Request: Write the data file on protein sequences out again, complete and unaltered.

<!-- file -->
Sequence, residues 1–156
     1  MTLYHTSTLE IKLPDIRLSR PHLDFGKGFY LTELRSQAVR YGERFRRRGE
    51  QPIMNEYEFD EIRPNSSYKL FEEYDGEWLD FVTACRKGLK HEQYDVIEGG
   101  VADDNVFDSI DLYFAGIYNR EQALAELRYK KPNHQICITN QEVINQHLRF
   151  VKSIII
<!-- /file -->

Sequence, residues 1–156
     1  MTLYHTSTLE IKLPDIRLSR PHLDFGKGFY LTELRSQAVR YGERFRRRGE
    51  QPIMNEYEFD EIRPNSSYKL FEEYDGEWLD FVTACRKGLK HEQYDVIEGG
   101  VADDNVFDSI DLYFAGIYNR EQALAELRYK KPNHQICITN QEVINQHLRF
   151  VKSIII